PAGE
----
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THE NORWEGIAN
CHEESE REVOLUTION

Brimi sæter in Jotunheimen .
Photo: Cathrine Dokken / HANEN.NO
Brimi sæter in Jotunheimen .
Photo: Cathrine Dokken / HANEN.NO

Do you wonder why some of the world's best cheeses are Norwegian?

Cheese from Tingvollost .
Photo: Hanne Stensvold / HANEN
Cheese from Tingvollost .
Photo: Hanne Stensvold / HANEN

The answer is grazing here …

Cow at Renndølsetra in Innerdalen .
Photo: Thomas Rasmus Skaug / VisitNorway.com
Cow at Renndølsetra in Innerdalen .
Photo: Thomas Rasmus Skaug / VisitNorway.com

… and it is processed here.

Dairy work at Renndølsetra, Northwest .
Photo: Thomas Rasmus Skaug / VisitNorway.com
Dairy work at Renndølsetra, Northwest .
Photo: Thomas Rasmus Skaug / VisitNorway.com

And the winner is ... Tingvollost!

Almost out of nowhere, “Kraftkar” from Tingvollost became the first Norwegian cheese to win the World Cheese Awards 2016. Who would have thought that a small Nordic country would achieve such a remark?

"The answer has three parts: The changes in the Norwegian farming traditions, the changes in the Norwegian taste palette and, last but not least, the fantastic raw materials", says Bernt Bucher-Johannessen.

He is a Norwegian author and cheese connoisseur who works as the general manager of HANEN, an organisation promoting the best of the Norwegian countryside. In his book "Osteglad", which roughly translates to "the love of cheese", Bucher-Johannessen and his co-authors take you through the national cheese adventure.

"Around the year 2000, Norwegian farmers were allowed by law to produce more products than the milk they delivered to the national dairy, including cheese from unpasteurised milk. For almost a century, this had not been common practice due to the fear of using unpasteurised milk", Bucher-Johannessen says.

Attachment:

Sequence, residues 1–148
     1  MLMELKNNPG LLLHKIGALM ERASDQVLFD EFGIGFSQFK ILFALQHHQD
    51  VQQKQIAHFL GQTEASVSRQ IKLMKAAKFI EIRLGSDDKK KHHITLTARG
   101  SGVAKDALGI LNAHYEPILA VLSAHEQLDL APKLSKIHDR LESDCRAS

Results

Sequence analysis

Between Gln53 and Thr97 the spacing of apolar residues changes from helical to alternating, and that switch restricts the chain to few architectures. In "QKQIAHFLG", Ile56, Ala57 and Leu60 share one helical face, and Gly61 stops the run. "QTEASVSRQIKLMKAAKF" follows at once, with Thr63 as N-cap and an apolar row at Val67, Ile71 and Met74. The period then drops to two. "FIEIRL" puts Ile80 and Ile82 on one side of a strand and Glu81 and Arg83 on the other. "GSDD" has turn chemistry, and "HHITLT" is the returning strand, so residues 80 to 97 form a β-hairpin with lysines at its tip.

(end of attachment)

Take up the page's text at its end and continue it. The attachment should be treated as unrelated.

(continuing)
"People were influenced by Europe and inspired to revive local cheesemaking traditions. This, combined with the pioneer spirit among Norwegian farmers, became the start of a cheese revolution", he explains.

“Kraftkar” cheese from Tingvollost, figs, walnuts, jam and crispbread. Near Kristiansund in Fjord Norway.
“Kraftkar” cheese from Tingvollost.
Photo: Hanne Stensvold

The cheese rookie

But why now? Before this shift, the Norwegians thought of cheese as something to use as topping on a slice of bread. This was reflected in the grocery stores, as they only had a rather dull selection of cheeses. But the national taste palette changed in line with the growing popularity of Central European cuisine.

"The different characteristics of taste were recognised as something extraordinary. Local food production also had a boost, which set the stage for local cheesemakers. Today, they are among the world's best."

From Finnmark in Northern Norway to Rogaland in Fjord Norway: More than 110 local cheesemakers produce both white and brown cheese in different shapes and sizes. Some deliver their cheese across the nation through grocery stores, while others have local shops and take part in regional farmers markets.

"If you step into a Norwegian supermarket today, the situation is entirely different. You'll find a large selection of Norwegian cheeses in the counters", Bucher-Johannessen says.

The great breakthrough

After the blue cheese “Kraftkar” won the World Cheese Award (WCA) in 2016, people really got a taste for Norwegian cheese. Since then, several of our cheesemakers have achieved top placements during the international competition. The Gouda-style "Fanaost" won WCA in 2018, while the brown cheese from Stordalen Gardsbruk won silver the same year.

You can try all of the award-winning creations in Norway – and many more! Some are soft and mild. Others really pack a punch. You can even find a broad selection of cheese spread.

The raw materials from Norwegian farms are some of the best. With the regional variations in taste, you can experience the different parts of the country by your taste buds.